Thursday, March 27, 2008

H2O Hell No, Some Say, But County Finally Says Yes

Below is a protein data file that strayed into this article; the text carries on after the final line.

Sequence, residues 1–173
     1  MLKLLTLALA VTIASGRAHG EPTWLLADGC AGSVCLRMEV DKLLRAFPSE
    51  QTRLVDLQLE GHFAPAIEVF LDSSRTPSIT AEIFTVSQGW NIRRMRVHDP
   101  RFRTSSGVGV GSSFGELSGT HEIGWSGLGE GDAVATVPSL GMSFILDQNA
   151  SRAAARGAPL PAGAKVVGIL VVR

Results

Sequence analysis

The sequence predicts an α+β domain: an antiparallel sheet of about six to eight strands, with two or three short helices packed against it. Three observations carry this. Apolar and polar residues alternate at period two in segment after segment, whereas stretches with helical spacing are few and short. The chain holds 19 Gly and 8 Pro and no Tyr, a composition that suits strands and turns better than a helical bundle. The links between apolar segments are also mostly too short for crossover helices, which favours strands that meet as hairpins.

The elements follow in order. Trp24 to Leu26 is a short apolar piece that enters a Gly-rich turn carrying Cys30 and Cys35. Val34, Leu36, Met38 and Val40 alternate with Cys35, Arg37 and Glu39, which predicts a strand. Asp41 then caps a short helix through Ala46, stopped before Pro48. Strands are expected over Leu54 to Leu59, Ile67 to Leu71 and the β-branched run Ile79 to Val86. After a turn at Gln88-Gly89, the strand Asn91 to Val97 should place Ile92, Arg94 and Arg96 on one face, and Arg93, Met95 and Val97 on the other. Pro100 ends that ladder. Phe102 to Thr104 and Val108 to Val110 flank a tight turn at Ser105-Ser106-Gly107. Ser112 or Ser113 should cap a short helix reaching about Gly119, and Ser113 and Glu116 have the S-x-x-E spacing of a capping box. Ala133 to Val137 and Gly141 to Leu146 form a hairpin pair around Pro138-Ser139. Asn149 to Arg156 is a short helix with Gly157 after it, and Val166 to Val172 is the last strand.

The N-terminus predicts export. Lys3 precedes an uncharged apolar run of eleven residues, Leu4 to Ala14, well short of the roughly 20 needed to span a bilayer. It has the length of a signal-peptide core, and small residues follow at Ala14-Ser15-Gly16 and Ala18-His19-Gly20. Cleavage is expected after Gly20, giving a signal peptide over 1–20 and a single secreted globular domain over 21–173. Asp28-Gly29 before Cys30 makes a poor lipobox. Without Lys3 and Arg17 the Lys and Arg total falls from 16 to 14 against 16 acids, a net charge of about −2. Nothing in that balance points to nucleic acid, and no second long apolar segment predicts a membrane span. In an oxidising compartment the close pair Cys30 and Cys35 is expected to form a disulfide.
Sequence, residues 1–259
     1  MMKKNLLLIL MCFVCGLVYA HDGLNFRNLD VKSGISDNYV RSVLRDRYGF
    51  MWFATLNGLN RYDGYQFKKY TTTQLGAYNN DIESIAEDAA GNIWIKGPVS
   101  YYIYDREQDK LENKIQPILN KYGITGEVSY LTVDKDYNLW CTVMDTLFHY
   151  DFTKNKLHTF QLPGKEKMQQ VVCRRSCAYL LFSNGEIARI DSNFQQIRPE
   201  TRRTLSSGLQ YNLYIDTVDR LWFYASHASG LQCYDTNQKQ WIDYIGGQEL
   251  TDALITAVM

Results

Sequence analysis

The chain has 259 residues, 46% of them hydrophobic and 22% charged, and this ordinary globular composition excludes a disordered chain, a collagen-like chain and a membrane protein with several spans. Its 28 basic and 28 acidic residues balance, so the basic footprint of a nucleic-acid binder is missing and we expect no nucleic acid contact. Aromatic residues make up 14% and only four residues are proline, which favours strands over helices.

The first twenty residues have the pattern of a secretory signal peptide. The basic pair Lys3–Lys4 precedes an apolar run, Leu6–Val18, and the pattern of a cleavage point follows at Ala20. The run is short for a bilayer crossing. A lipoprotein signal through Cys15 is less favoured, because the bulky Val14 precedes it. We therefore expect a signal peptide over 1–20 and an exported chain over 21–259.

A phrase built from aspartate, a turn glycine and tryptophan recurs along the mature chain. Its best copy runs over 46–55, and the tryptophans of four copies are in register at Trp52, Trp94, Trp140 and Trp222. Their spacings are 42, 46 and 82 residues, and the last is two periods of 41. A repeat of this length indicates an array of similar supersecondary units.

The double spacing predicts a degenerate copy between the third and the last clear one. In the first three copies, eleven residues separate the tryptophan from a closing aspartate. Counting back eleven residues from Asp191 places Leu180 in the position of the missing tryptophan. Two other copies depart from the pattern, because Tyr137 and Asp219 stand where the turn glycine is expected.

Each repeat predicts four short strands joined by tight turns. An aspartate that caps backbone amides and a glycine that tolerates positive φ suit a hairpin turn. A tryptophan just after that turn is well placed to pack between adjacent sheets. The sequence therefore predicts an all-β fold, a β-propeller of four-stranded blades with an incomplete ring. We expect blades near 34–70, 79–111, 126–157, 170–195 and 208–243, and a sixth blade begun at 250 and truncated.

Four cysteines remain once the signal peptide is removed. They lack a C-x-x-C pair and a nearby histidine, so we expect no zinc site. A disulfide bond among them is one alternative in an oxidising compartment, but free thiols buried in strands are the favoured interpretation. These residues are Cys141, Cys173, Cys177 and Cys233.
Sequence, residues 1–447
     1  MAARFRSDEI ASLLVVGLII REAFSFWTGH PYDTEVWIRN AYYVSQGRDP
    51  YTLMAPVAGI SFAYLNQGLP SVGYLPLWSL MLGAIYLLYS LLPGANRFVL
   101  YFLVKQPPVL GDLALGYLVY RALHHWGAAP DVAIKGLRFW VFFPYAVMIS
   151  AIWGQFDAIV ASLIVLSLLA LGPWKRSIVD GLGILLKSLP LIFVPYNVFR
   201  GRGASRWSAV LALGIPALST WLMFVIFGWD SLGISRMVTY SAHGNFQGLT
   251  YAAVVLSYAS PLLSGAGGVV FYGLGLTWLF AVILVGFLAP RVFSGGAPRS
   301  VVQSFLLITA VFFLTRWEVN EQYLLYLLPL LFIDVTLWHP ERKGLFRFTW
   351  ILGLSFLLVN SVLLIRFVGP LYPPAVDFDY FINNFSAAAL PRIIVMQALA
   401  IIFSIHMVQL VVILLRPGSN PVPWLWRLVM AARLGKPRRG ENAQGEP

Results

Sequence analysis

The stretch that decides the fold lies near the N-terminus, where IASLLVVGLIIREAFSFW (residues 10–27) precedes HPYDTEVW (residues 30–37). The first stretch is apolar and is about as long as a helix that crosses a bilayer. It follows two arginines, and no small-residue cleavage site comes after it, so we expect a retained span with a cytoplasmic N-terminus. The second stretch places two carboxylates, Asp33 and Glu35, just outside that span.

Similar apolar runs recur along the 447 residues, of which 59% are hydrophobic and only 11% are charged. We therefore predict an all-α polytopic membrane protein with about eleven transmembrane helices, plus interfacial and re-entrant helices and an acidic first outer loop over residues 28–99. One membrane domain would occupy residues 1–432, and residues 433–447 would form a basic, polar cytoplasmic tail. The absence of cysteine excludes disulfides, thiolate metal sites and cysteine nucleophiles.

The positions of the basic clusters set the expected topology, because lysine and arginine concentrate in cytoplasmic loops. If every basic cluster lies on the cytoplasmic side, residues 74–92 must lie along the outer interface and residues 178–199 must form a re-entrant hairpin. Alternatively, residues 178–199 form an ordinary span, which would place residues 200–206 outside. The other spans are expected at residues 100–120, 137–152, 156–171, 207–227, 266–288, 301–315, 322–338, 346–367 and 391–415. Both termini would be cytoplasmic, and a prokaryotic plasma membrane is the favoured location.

Fannin County, according to the U.S. Census Bureau, is 899 square miles of mostly pasture, and water making up about eight square miles, or 0.86 percent of that real estate. In a few decades, though, that ratio of water to land will change quite a bit. Monday, Fannin County commissioners voted to approve a contract between the county and the Upper Trinity Regional Water District for Lake Ralph Hall. As I've mentioned before, the first paper I worked for when I came to Texas was in Leonard, Texas. Leonard is about two hours or so from Dallas, in Fannin County. Actually, it's right there in the corner of Fannin, Hunt and Collin counties, if you want to get very technical. While there, the Upper Trinity Regional Water District began sniffing around the area - around 2003 or so, looking for a new spot for a man-made lake. You see, it's a not so-little known fact that water is and/or will be a premium for booming areas in Denton County and northern Collin County - and the UTRWD serves Lewisville, and 20 other smaller towns like Celina and Prosper, whose populations are increase with great rapidity. Prosper, for instance, had a population just shy of 3,000 in 2003, but topped 6,000 in 2007. All those places, with their extra peoples, need water. Fannin County is one of the poorest counties in Texas. Its median income per family was, in 2004, $35,434. It's largely an agricultural area, where gravel roads still outnumber the paved and a citified reporter can get lost trying to find a road called Raggedy Ann Road because nobody tells her it's now numbered CR something something, but everyone still calls it Raggedy Ann Road because there was once - but no longer - a large Raggedy Ann cutout at the edge of the road. But I digress. Nestled in Fannin County is a hard-luck town called Ladonia. A few years ago, Ladonia was in high cotton. But then Supreme Beef shut down and laid everyone off, and suddenly a major source of tax income dried up. Mayor Leon Hurse tried everything. There was even talk of INS - back when it was called INS and not ICE - building a facility there, but it never came to fruition. This deal from the UTRWD sounded like a blessing to Hurse. They wanted to build a lake that would butt up right next to Ladonia. A lake, of course, would mean people would drive to Ladonia. I remember him explaing how people could boat and swim and fish in the lake ... and thinking it sounded more like a Tampax commercial than a presentation for a lake. But the presence of boaters and swimmers and fishermen would, Hurse said, mean people would stop in Ladonia for gas, food, and ice. Sure, there would be other towns on the way to Lake Ralph Hall, and near the lake, but they lacked one thing Ladonia had - beer. Ladonia is the only wet spot (for lack of a better term) in the county, the one dark place in the bastion of good Baptists. Hurse, UTRWD folks and then Fannin County Judge Derrell Hall held an informational, town-hall meeting to float the idea. Right away, you could tell quite a few of the residents in the area - specifically those that were about to find their pastureland that had been in their families for hundreds of years - wanted to float it right back over to them. "I have a family cemetery there," I remember one lady saying. "You're gonna flood that?" A strong group of opposition the community of Gober organized fairly quickly, and the commissioners were pretty loathe to move as quickly as Hurse would like. At one point, Hurse even entered into an agreement with the UTRWD - even though it wasn't entirely obvious what course the county would take - and even though a lot of the land wasn't even under Hurse's purvey. That, by the way, went over like a turd in a punchbowl. "I'm tired of them trying to shove this lake down my throat," I remember one man complaining. There was even a beef about the name of the lake. Congressman Ralph Hall is revered in Fannin County - even switching parties couldn't get him unseated, and I'm pretty sure he diapered the tiny baby Jesus once. But naming a lake "they" knew a lot of people would hate after him, it was murmured, was just a dirty trick to make people feel bad about hating the lake. It didn't get any better in the years following. The opposition was pretty vocal, and at one point it seemed that the county was going to block the Upper Trinity's application with the TCEQ. There were many bones of contention - land owners were certain they'd not get fair market value for their land, the county wanted a guaranteed percentage of the water for its own use, and there was also the matter of how much the county would be paid for the water, as well as how it would be compensated for the loss of tax revenue while the lake was being built. From what I understand, that vocal opposition is still opposed. It seems that if the county didn't get the exact deal it wanted, it got close, so it will be interesting to see if the fireworks continue when it comes time for the Upper Trinity to sit down and negotiate with the land owners themselves.